Today is the first day of the National Institute on Genealogical Education for the class of 2010. I have several friends attending the institute and I thought it would be a good time to introduce others to the program. NIGR, as it is abbreviated, is one of the three major genealogical institutes in the U.S. (along with the Institute of Genealogy and Historical Research and the Salt Lake Institute of Genealogy). It is held each July at the National Archives in Washington, D.C. and is a week long program focusing on using federal records for genealogy.
One of the advantages of holding the institute at the National Archives is the hands-on experience with the records. The National Archives holds records commonly used for genealogy such as census, military, immigration, naturalization, and federal land, as well as records from federal agencies. NIGR participants are able to look at microfilm and original records while they are on site. When they learn about a new record group that may be relevant to their research they can have the records pulled and view them the same day.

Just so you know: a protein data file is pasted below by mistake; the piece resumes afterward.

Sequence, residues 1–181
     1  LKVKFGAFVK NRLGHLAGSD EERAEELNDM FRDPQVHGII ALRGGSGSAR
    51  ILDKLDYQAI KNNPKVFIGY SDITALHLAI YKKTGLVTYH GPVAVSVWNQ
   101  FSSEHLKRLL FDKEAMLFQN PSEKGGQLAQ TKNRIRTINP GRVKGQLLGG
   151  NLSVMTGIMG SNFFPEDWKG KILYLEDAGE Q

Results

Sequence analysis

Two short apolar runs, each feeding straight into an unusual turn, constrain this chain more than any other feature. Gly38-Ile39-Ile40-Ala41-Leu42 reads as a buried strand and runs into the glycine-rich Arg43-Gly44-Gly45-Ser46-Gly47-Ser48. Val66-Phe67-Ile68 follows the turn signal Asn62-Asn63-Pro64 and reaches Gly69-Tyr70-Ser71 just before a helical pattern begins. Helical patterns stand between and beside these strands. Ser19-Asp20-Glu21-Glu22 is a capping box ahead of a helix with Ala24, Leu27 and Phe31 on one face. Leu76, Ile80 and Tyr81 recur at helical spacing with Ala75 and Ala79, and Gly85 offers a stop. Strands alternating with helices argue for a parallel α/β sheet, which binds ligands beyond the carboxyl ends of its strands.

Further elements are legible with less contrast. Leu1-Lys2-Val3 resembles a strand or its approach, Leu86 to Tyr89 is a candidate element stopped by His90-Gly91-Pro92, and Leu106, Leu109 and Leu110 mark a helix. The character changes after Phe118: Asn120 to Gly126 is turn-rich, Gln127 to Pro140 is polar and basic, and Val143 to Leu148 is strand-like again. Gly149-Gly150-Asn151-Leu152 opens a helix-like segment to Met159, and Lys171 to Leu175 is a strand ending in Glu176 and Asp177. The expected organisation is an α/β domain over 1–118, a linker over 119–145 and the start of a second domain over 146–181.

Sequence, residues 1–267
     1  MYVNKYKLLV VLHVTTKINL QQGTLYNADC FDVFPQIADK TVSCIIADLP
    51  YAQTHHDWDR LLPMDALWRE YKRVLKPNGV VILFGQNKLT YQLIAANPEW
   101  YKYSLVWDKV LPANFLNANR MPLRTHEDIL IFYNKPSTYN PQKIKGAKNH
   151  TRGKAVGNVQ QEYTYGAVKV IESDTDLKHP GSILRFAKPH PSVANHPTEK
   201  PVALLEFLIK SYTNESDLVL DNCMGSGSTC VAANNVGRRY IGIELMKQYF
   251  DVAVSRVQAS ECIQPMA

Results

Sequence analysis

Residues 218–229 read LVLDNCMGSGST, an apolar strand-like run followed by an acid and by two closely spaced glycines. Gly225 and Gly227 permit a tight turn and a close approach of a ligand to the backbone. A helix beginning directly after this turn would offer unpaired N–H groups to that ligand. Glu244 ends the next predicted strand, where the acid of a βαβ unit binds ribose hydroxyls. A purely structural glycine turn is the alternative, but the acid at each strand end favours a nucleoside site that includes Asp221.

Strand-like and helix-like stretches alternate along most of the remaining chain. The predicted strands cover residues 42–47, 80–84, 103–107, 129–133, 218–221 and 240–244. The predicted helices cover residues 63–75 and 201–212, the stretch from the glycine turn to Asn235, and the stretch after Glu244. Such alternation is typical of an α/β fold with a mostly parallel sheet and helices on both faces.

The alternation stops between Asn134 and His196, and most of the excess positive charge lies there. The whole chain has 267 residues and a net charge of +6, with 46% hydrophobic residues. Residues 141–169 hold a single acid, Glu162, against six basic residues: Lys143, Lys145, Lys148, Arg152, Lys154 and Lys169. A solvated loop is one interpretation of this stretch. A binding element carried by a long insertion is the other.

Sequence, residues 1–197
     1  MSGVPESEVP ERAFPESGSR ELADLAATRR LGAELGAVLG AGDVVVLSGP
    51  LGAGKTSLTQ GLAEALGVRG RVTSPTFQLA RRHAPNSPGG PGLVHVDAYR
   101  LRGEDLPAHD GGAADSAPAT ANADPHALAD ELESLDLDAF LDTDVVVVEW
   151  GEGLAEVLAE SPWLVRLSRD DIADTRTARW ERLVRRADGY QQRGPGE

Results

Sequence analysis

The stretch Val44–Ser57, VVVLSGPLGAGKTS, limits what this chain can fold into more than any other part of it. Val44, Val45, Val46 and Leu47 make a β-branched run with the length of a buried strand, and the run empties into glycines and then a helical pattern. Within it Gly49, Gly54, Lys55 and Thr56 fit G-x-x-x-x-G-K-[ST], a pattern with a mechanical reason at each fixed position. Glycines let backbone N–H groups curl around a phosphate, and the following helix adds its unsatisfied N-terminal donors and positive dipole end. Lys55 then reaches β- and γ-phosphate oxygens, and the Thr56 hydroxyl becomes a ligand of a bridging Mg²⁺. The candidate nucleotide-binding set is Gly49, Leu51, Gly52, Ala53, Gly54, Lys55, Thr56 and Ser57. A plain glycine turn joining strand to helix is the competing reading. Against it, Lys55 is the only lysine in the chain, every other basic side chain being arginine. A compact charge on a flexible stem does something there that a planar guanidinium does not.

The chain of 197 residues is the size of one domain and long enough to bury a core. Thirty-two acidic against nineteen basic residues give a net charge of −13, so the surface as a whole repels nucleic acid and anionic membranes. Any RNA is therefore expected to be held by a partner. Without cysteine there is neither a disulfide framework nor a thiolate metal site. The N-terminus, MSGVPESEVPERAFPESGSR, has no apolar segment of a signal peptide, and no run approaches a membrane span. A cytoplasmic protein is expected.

I attended NIGR in 2008 and thought it was a wonderful program. I am fortunate to live close to Washington, D.C. and use the knowledge I gained in my research at the National Archives on a regular basis.